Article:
The lockdown of 2020 has brought us all a lot closer to our home technology and, sadly, the online fraudsters have been quick to try and take advantage of any gaps in cyber security. So, do be sure that you have installed security software on all your devices and remind yourself of the golden rules of keeping yourself safe online.
There’s plenty of advice online, sometimes it might seem like too much, so we’ve summarised some Top Tips here:
- Never process a payment to a payee you don’t know, or amend existing bank details for someone you do based on an email request. Always follow up an email with a telephone call before making any payments or changing any details.
- Most email software (Outlook etc.) or webmail (GMail etc) automatically displays a sender’s email address next to the name so you can see if anything looks odd. If not, hovering over the email address or right-clicking usually works.
- Never click on any unsolicited email links that contain attachments such as .zip or .exe files.
- Remember – banks and HMRC will never use an email or text message to ask for personal information. It can be a phishing
- Never click on a link in a text message irrespective of who this has been sent from. Ofcom has some sound advice on this
- Keep your software, your operating system and your browser fully up to date on all devices to protect you from new strains of malicious software (“malware”).
- Only log in to websites that you use for financial activity or that require personal data if they use Multi-Factor Authentication (MFA). This is essentially one or more extra steps —beyond your basic username and password.
- Run a reputable, anti-virus product on your home PC or laptop and keep this up to date.
- When processing transactions and/or sending correspondence, avoid using public Wi-Fi hotspots – like the ones at coffee shops, airports, hotels, etc. As an alternative, create a personal Wi-Fi hotspot with your phone – it only takes a few minutes to setup. Most phones have a mobile hotspot setting and will guide you through the process.
- Never click on links or open attachments in unsolicited emails or text messages. Doing so may install malware on your device.
- Avoid using publicly available charging cords to charge your phone. Socket outlets and USB ports are generally fine but avoid using publicly available cords. These can be used to deliver malware.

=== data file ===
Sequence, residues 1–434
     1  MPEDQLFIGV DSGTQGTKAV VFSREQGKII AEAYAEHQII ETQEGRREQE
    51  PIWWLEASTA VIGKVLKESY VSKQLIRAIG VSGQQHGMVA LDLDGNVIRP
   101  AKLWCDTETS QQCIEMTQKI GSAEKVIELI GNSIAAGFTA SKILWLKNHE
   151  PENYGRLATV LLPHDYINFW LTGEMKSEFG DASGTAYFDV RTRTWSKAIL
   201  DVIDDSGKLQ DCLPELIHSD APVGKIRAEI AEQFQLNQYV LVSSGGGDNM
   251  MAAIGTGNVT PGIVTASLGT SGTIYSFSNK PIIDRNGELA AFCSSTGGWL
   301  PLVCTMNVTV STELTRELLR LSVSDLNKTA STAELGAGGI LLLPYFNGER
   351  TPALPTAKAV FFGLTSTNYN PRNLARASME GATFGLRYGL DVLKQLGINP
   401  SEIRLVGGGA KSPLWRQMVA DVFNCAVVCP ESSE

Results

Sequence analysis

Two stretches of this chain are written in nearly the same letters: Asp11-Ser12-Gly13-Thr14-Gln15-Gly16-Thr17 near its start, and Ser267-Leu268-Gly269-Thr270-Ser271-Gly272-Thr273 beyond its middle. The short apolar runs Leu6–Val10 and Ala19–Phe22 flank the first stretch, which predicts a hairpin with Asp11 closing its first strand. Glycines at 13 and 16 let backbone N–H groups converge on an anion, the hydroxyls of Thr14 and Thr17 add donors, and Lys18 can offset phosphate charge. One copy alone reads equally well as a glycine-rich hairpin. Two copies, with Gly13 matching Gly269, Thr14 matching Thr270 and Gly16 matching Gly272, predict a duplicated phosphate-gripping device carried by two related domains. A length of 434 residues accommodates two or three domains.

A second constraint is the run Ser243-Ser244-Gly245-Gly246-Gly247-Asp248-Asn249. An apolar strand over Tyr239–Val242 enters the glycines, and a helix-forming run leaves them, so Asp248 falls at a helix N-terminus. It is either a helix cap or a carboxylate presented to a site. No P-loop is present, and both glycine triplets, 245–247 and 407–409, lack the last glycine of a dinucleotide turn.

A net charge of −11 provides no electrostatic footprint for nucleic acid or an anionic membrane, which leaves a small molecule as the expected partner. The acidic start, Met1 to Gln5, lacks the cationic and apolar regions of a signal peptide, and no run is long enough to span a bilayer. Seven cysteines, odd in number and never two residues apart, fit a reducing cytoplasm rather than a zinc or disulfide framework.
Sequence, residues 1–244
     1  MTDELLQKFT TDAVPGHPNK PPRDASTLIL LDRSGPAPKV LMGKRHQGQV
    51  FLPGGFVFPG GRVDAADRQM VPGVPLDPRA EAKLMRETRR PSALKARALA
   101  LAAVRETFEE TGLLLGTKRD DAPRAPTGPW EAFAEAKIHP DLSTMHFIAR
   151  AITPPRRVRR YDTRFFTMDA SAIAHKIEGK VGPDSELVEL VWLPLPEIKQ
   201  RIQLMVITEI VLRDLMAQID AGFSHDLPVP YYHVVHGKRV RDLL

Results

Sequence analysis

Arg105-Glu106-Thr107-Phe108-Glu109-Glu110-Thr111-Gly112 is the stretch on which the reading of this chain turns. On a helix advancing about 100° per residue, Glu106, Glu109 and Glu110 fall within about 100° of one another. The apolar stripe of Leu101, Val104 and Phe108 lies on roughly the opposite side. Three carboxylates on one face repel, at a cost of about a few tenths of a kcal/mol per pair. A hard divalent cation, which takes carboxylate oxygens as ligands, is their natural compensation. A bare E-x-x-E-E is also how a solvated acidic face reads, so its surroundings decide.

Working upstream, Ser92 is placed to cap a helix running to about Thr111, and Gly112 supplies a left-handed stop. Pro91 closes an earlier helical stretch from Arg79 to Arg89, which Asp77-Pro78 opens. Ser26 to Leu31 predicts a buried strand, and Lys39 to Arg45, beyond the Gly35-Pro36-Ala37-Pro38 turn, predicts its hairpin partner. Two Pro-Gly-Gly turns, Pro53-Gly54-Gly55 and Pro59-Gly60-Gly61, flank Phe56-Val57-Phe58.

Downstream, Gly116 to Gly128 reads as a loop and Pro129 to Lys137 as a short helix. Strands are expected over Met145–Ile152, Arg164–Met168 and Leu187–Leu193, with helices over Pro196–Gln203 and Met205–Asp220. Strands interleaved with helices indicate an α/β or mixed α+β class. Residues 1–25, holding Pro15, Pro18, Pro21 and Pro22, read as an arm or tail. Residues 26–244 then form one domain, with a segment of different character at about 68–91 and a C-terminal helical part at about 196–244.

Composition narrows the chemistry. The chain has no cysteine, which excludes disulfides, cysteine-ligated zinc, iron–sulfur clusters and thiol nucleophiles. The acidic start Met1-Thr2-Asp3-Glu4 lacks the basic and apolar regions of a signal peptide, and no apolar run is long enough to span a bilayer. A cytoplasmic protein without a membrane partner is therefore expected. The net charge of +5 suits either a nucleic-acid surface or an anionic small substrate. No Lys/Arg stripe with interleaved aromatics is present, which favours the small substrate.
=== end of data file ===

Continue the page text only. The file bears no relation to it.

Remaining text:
- Don’t reuse the same username and password across multiple websites and applications. If a hacker gains access to one of your accounts, he/she may be able to access your other accounts as well.
- Create and save bookmarks for the important banking and brokerage websites that you visit often to avoid inadvertently entering your credentials on a fraudulent site that has bene set up with a very similar name and design.
- Consider using a password manager. These apps create unique, complex passwords for you and then store those passwords in a cryptographically sound way.
- Only download applications from Google Play™ or the App Store® and never from a third-party app store.
- Only give applications the permissions they really need. Granting an application access to your photos, location, camera, contacts, etc. makes your data and information available to the application owner.
- Limit how much information you share on social media and lock down the privacy settings on your social media accounts. The information you share online could be exploited to gather information for fraud schemes.
- Shred financial documents before discarding them, as these contain valuable information that could be used by fraudsters.
- Make sure that you are using a current and reliable email provider that has basic, built-in security features.
- IF IN DOUBT ABOUT ANY INCOMING MESSAGE – DELETE! If you are concerned that it may be important and it is from a company or person you know, call them to check.
- Tackling cybercrime can be daunting, but these basic precautions will go a long way towards protecting you. For older people, Age UK has some good advice, and Children’s BBC has help for youngsters.
Reviewed 25 April 2022
The sole purpose of this article is to provide guidance on the issues covered. This article is not intended to give legal advice, and, accordingly, it should not be relied upon. It should not be regarded as a comprehensive statement of the law and/or market practice in this area. We make no claims as to the completeness or accuracy of the information contained herein or in the links which were live at the date of publication. You should not act upon (or should refrain from acting upon) information in this publication without first seeking specific legal and/or specialist advice. Arthur J. Gallagher Insurance Brokers Limited trading as Deacon accepts no liability for any inaccuracy, omission or mistake in this publication, nor will we be responsible for any loss which may be suffered as a result of any person relying on the information contained herein.